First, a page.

“If you do not try, you will not get there. I believe it will be successful, as people are beginning to see that we share a common destiny in the continent,” he said. He pointed out that the markets where Africans have used to go are unlikely to help in the future as they are growing slowly and Africa is one of the only truly dynamic economies in the world today.

In many countries, the population is ageing. But Africa has a rapidly growing youthful population, along with increasing rates of urbanisation and a growing middle class, all drivers of demand. Moreover, Africa has resources, and 60 per cent of the world’s arable land is in Africa. It also has water and minerals.

“Africa is the next frontier. Many companies and politicians are beginning to see that. Otherwise, you would not see so many countries trying to make alliances with Africa. It would be a pity if Africa missed this opportunity itself,” Oramah said.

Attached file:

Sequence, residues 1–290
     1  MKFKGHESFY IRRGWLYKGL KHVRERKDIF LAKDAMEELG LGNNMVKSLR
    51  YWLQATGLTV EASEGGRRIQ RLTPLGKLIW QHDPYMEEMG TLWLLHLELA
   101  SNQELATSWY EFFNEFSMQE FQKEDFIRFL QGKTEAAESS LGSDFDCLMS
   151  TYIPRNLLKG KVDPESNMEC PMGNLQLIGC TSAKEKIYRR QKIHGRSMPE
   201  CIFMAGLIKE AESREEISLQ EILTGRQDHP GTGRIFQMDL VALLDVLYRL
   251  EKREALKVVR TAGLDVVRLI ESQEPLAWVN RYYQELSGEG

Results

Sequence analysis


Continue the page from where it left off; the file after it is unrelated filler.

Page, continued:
He said that African countries should make inter-regional cooperation their priority, though this did not mean that African countries should not take advantage of opportunities outside Africa where markets are larger and could provide other opportunities. However, “if we take advantage of our own internal capacities, we stand a good chance of realising more dynamic sustainable growth going forward, instead of adjusting to what we have today.”

What that does for Africa, he explained, is that it makes African countries focus on producing goods that have a higher technological content. If they continue traditional trade arrangements under which they mainly sell commodities, nothing will improve for Africa.